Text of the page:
Dementia and cancer have been included among 32 new indicators proposed by the National Institute for Health and Clinical Excellence (NICE) for the latest Clinical Commissioning Group Outcomes Indicator Set (CCG OIS).
But NICE has been criticised for failing to focus enough on indicators that will support workers with long-term health conditions.
The proposed indicator for dementia, for example, included a measure that people presenting with suspected dementia are referred and seen by memory assessment services within three months.
The proposed indicators for cancer focused on the number of cancers diagnosed through emergency routes, the stage of cancer at diagnosis and the number of cancers detected at stage one or two.
Formerly known as the Commissioning Outcomes Framework, the CCG OIS is intended to support clinical commissioning groups and improve the quality of patient care across England.
Professor Stephen Bevan, a member of think-tank The Work Foundation and the campaigning coalition Fit for Work UK, said: “It is disappointing that clinical commissioning groups will not be incentivised to commission services that prioritise the work outcomes of individuals with long-term conditions, despite the fact that work is included in most other health service indicators.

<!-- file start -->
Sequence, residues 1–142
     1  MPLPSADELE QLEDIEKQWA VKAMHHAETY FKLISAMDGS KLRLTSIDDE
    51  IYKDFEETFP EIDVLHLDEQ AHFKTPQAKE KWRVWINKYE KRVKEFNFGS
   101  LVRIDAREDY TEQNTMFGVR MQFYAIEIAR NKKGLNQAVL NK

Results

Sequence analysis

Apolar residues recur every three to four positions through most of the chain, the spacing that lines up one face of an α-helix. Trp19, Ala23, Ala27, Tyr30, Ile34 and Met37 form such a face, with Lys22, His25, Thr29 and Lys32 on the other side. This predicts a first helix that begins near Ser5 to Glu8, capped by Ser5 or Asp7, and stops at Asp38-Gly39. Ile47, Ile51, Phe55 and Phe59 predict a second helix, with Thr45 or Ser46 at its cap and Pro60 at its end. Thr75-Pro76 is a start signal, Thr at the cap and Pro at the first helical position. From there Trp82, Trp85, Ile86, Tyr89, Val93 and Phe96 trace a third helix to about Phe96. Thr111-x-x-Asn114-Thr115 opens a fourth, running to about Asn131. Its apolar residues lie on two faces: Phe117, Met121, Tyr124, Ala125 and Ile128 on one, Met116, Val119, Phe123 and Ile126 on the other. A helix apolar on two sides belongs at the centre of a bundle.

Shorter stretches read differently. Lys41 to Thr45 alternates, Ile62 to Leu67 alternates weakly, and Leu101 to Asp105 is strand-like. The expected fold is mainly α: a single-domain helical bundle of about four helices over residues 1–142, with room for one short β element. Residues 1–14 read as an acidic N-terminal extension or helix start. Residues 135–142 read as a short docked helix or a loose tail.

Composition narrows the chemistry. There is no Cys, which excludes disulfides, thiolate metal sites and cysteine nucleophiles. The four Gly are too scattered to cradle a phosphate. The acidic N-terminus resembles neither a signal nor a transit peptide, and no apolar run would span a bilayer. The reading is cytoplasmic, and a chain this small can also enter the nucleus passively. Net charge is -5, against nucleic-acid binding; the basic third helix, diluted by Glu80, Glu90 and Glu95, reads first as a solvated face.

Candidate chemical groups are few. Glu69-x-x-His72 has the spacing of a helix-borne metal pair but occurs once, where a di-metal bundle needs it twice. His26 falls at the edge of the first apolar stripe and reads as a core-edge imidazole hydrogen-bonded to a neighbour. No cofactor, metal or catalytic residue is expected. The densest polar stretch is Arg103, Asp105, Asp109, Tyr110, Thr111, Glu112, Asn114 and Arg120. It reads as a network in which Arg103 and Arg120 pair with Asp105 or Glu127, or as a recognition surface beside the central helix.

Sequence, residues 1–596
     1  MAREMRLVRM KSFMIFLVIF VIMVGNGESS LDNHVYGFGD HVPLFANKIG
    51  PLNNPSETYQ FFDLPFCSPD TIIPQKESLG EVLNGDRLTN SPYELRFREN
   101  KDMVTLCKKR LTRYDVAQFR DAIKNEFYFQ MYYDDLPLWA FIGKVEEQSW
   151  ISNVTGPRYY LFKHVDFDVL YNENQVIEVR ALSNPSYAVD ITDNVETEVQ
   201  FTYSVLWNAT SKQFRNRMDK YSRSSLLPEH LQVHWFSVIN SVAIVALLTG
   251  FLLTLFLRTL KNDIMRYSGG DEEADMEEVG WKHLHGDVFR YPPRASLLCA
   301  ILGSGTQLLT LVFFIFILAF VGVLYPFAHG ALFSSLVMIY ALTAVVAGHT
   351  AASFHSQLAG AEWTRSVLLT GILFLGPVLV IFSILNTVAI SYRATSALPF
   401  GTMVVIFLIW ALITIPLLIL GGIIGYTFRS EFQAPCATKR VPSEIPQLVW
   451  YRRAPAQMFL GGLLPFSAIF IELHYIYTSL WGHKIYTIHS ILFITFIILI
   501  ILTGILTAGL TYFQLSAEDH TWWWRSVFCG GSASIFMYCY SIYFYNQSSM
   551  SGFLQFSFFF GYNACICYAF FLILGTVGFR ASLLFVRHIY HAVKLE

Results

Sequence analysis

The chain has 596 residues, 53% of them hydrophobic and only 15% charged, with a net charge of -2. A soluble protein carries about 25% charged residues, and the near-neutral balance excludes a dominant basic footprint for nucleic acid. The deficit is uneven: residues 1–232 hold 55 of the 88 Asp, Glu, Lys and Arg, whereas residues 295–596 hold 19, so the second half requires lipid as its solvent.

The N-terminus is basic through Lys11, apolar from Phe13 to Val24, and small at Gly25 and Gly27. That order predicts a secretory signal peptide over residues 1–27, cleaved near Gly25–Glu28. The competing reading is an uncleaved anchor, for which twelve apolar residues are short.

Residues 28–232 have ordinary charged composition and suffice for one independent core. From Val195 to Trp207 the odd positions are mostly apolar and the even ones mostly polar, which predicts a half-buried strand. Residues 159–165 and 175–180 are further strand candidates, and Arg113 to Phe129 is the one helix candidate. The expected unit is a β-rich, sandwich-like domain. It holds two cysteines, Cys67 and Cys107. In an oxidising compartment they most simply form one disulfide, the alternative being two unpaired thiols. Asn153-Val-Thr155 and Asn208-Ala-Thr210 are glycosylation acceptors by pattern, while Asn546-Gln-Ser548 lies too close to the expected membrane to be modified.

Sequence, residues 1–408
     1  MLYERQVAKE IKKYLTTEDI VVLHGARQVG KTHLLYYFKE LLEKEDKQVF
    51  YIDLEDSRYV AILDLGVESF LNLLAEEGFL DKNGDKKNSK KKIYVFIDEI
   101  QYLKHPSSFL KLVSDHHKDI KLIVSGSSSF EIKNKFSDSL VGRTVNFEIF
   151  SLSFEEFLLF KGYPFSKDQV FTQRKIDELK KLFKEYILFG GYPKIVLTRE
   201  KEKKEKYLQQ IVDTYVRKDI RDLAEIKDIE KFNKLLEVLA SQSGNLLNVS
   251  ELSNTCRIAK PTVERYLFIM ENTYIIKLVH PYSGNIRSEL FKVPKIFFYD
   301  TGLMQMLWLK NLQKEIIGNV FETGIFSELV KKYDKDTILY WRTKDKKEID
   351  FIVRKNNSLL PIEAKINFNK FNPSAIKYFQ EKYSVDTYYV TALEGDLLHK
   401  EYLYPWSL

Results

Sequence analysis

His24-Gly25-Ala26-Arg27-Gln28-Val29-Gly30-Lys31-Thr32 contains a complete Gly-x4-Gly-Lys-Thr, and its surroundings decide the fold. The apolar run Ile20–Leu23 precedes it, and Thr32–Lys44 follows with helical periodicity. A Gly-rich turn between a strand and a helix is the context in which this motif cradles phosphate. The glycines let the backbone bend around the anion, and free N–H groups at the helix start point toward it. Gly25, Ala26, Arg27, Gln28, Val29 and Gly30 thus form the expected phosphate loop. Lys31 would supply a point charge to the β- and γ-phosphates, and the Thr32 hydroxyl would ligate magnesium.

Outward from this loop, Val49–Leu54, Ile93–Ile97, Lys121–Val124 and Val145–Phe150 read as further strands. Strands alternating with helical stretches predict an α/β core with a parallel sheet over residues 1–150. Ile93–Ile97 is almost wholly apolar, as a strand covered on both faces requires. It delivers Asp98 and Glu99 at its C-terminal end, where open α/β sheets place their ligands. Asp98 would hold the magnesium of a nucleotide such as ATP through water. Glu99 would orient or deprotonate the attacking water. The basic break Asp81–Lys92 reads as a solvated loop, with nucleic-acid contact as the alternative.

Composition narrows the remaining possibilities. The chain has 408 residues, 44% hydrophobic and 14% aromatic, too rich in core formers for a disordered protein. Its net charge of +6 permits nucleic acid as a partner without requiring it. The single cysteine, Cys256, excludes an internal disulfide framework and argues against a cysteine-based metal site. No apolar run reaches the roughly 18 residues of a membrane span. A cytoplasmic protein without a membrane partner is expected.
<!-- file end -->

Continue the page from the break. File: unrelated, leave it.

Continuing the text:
“This is especially critical in the case of the thousands of UK workers who suffer from musculoskeletal health problems.”
In a separate development, NICE has announced that it will collaborate with Public Health England on providing evidence-based guidance and access to evidence about public health.
It has also published a local government public-health briefing arguing that encouraging more walking and cycling, and regular challenging of unhealthy behaviour, are critical to improving the health of local populations.